Here is the front page link from a science website called Science Daily. Note the stories to which I added a red dot.
It seems to me that nearly every day that I read these science stories there is yet one more new piece of evidence that the Genesis story is, well, just story. Take that top story on the list: Icy Cosmic Start for DNA Ingredients. It begins:
Using new technology at the telescope and in laboratories, researchers have discovered an important pair of prebiotic molecules in interstellar space. The discoveries indicate that some basic chemicals that are key steps on the way to life may have formed on dusty ice grains floating between the stars.
This story followed an article in September 2012 that said:
Scientists think that the basic ingredients of life, including water and organics, began their journey to Earth on these lonesome ice particles. The ice and organics would have found their way into comets and asteroids, which then fell to Earth, delivering “prebiotic” ingredients that could have jump-started life.
This came two years after another discovery which Science Daily headlined: Super-Complex Organic Molecules Found in Interstellar Space.
Fundamentalist would react to these discoveries, I suggest, in three ways. First would be denial; second would be the concoction of some apologetics story. That’s to be expected. Yet the third is more insidious. That would involve politics- specifically denying or reducing funding of government sponsored science research. There are many in Congress with this exact goal and, not surprisingly, they sit on the right side of the congressional aisle. Additionally, they also sit in state legislatures. We all recall that 2008 Louisiana Science Education Act that Governor Bobby Jindal can use as his ‘credentials’ during his 2016 run for president.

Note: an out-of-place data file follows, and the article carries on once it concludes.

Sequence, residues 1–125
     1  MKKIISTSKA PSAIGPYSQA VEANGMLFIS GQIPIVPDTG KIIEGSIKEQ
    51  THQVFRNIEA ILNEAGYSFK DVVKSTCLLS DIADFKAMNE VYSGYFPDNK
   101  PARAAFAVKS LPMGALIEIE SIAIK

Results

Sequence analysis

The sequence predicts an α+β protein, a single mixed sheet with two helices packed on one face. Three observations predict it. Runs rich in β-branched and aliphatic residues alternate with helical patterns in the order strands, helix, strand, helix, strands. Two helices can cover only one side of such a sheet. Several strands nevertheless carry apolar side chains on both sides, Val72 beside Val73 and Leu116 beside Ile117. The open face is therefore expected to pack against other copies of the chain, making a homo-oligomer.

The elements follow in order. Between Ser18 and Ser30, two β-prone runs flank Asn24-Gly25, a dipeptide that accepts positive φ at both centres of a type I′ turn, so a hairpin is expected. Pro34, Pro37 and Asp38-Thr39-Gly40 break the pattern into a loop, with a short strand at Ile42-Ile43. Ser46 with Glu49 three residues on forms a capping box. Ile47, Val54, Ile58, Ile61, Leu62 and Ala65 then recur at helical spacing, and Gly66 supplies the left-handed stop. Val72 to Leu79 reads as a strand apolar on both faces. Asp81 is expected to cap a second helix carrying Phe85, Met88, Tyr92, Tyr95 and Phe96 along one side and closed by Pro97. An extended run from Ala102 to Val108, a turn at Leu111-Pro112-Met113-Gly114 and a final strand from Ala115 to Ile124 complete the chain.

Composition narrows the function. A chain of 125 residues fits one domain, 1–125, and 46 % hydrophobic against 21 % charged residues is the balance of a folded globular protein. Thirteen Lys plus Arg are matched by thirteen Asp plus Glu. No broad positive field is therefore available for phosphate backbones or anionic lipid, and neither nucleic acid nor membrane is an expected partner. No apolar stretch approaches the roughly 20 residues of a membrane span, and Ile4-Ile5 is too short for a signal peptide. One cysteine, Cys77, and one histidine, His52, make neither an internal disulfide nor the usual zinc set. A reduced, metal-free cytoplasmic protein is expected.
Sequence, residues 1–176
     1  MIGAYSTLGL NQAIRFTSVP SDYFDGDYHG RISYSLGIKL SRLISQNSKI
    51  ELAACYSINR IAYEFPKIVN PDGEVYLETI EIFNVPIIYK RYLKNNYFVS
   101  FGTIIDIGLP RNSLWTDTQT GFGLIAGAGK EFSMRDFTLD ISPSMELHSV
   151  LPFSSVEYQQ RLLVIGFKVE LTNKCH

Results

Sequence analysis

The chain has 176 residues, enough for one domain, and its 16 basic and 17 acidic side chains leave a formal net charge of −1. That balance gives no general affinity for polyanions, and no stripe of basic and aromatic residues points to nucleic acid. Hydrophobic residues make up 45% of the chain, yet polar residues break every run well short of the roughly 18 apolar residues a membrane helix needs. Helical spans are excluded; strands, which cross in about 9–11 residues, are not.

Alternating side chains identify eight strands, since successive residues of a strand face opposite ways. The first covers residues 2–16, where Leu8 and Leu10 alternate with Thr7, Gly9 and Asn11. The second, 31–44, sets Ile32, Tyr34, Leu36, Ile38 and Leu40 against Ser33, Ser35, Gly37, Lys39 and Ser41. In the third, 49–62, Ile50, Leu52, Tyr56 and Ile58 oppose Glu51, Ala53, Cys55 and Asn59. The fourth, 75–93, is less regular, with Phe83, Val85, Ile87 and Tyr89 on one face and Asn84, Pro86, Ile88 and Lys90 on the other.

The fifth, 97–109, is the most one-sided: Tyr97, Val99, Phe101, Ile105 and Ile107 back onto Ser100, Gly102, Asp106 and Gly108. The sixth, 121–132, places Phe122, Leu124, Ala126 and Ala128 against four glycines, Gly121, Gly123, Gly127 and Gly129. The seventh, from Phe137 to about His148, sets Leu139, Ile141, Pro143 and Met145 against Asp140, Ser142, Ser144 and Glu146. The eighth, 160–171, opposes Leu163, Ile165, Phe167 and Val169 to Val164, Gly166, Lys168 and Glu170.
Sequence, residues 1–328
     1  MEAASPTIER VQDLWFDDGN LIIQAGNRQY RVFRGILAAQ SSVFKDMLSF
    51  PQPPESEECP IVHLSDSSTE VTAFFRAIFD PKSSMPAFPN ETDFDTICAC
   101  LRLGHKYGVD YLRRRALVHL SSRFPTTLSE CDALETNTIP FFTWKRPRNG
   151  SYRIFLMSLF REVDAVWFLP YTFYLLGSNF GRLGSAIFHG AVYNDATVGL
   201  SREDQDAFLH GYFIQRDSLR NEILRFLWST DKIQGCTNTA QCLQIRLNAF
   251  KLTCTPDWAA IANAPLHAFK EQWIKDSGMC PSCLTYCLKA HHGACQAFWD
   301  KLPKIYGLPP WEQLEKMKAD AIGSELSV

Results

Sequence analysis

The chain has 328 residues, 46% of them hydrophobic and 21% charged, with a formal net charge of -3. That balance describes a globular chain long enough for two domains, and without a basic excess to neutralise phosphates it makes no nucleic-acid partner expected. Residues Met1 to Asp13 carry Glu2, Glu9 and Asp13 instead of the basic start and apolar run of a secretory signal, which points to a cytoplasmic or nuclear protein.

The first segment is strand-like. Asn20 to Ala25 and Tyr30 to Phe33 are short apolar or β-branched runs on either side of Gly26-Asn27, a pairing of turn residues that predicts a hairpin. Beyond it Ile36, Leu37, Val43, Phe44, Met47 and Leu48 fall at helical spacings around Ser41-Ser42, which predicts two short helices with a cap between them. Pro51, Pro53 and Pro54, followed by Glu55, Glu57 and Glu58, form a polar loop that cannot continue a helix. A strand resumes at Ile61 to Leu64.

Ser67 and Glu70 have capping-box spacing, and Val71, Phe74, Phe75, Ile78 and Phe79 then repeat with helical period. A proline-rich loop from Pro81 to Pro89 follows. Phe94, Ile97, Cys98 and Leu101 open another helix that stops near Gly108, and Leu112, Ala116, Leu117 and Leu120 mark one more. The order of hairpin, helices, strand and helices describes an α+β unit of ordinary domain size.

Then there is that bright red Kentucky legislature. In 2009 that body was trying to find a way of undercutting the subject of evolution in state schools by introducing that specious topic of creationism into science classes by adopting the Louisiana model. Today the lunkheads are mad as hell that they voted to tie the state’s testing program to national education standards because these standards include the topic of evolution. Duh. When state legislators found out that the ACT test did not include Creationism, one said, “I would hope that creationism is presented as a theory in the classroom, in a science classroom, alongside evolution,” Sen. David Givens, R-Greensburg. Givens said. “We’re simply saying to the ACT people we don’t want what is a theory to be taught as a fact in such a way it may damage students’ ability to do critical thinking.”
Hah! What a moron. Givens asked a representative for the ACT Test if they could formulate a test “personalized for Kentucky.”
Yes, ‘personalized’ for the Fundamentalists running the state legislature.